For example, players may add people to their boxcars. It is a simple act, one that might entail pointing and clicking in a PC or console game. But to do so in Train, players must insert the wooden tokens into the narrow doorway of the boxcar.
How to accomplish this feat is entirely up to the player -- he might leave the train on the track and attempt to insert the token into the side. Or he might pick up the entire car, godlike, and drop the token as if it were an insect.
Adding additional tokens requires tilting or otherwise upsetting the car to make it possible to cram more people in. This is a disturbing experience, and players seem to alter their gestures of passenger loading and unloading as they better understand their implications.
Removing passengers at the end of the track requires similar physical investment. The tokens barely fit through the boxcar doors, and removing them is difficult. It's hard to avoid picking up the boxcar and shaking it against an open palm to remove tokens.
The moral and historical significance of these gestures, individually and collectively, is not lost on Train players or spectators. The game not only forces the player to manhandle people, it also forces him to figure out how to do so.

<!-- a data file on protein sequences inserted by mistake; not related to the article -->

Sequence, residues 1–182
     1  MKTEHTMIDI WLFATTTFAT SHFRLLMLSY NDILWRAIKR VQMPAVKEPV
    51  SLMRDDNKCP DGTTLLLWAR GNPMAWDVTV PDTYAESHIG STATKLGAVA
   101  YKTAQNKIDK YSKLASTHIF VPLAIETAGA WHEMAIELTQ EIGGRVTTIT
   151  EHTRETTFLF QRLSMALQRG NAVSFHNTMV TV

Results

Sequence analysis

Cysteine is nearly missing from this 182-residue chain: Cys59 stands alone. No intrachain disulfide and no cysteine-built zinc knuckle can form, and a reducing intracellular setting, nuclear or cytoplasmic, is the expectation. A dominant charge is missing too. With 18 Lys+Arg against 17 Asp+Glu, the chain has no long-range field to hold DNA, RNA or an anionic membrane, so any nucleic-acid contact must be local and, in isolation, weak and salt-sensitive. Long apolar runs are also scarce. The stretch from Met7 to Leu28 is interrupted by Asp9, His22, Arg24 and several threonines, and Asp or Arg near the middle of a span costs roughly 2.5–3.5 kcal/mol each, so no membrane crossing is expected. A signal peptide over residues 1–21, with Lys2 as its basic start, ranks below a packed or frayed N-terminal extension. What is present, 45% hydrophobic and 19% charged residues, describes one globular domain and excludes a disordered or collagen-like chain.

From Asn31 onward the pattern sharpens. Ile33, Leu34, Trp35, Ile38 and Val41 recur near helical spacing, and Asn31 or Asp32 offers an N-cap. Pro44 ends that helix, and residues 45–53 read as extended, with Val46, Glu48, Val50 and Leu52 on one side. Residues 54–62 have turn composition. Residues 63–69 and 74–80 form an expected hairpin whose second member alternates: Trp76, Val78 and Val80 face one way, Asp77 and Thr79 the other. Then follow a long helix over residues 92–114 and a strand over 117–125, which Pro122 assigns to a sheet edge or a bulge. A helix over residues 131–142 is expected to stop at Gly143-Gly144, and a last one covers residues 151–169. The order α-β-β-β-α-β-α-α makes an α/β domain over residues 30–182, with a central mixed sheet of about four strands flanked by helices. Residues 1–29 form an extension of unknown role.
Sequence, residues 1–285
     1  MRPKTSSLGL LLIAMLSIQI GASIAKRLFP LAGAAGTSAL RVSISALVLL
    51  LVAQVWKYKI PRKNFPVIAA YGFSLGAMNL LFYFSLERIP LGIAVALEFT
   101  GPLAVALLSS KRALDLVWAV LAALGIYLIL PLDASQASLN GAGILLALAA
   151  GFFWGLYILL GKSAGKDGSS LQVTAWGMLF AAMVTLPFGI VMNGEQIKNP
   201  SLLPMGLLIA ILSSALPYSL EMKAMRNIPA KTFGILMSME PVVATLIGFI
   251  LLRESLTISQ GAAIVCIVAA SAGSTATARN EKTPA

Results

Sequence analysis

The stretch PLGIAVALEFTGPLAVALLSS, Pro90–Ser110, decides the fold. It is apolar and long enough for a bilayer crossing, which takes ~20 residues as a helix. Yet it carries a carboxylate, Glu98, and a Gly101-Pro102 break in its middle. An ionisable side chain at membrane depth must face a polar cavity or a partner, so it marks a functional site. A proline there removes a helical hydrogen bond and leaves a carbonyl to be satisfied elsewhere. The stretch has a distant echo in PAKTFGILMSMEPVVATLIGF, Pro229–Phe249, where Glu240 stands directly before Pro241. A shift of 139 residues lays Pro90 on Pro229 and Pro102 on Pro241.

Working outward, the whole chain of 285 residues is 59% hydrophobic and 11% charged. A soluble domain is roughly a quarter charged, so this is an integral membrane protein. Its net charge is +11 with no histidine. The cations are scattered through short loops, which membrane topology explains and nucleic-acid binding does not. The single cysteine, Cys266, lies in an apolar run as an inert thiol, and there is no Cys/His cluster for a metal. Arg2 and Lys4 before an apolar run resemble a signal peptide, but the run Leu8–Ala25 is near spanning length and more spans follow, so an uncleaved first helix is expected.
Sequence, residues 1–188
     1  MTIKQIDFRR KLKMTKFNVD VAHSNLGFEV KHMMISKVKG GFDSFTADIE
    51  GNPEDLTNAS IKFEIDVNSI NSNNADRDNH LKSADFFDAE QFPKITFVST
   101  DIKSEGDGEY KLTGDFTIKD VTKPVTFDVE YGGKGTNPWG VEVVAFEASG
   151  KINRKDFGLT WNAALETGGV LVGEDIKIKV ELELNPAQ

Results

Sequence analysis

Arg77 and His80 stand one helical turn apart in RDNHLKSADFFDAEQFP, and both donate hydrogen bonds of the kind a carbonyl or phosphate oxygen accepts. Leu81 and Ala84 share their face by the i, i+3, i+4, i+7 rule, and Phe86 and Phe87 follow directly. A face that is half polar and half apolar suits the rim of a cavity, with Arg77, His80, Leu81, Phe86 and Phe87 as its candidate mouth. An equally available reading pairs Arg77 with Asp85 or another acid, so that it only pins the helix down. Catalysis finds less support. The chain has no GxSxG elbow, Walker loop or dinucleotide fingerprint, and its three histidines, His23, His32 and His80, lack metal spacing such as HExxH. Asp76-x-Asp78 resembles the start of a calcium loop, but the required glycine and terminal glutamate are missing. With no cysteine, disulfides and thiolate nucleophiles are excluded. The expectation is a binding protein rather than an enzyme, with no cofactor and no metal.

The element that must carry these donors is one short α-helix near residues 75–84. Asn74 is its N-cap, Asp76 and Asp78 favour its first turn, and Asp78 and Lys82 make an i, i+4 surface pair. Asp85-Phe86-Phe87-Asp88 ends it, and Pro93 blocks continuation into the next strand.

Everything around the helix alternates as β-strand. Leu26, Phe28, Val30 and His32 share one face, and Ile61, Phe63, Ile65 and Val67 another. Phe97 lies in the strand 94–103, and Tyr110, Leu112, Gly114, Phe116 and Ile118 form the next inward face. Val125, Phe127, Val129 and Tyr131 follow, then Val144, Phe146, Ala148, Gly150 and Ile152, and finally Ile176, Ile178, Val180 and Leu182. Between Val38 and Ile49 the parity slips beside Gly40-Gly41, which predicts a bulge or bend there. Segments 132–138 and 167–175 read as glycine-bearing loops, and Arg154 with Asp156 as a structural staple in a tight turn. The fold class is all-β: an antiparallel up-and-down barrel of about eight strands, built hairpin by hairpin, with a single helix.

In so doing, the sense of complicity which at first seems tied only to the game's ending creeps anxiously into every action the player performs.
Simple, trivial acts like picking up game tokens or moving pieces along the board take on rich multiplicities of meaning in the minds of players and spectators alike thanks to the game's striking ambiguity. In this game, the action one performs is important as such, not just in relation to the outcome it produces.
The relevance of gameplay gestures can be found in aspects of Train that have little to do with the progress of gameplay. For example, sometimes players have the opportunity to remove tokens from opponents' boxcars.
The game never tells the player what to do with these tokens, so one could just as easily hide them in a pocket, "saving" the victims, as one could return them to play. One might even choose a different method of removal in an attempt to signal contempt to an opponent, a gentle touch that says, implicitly, "let's stop."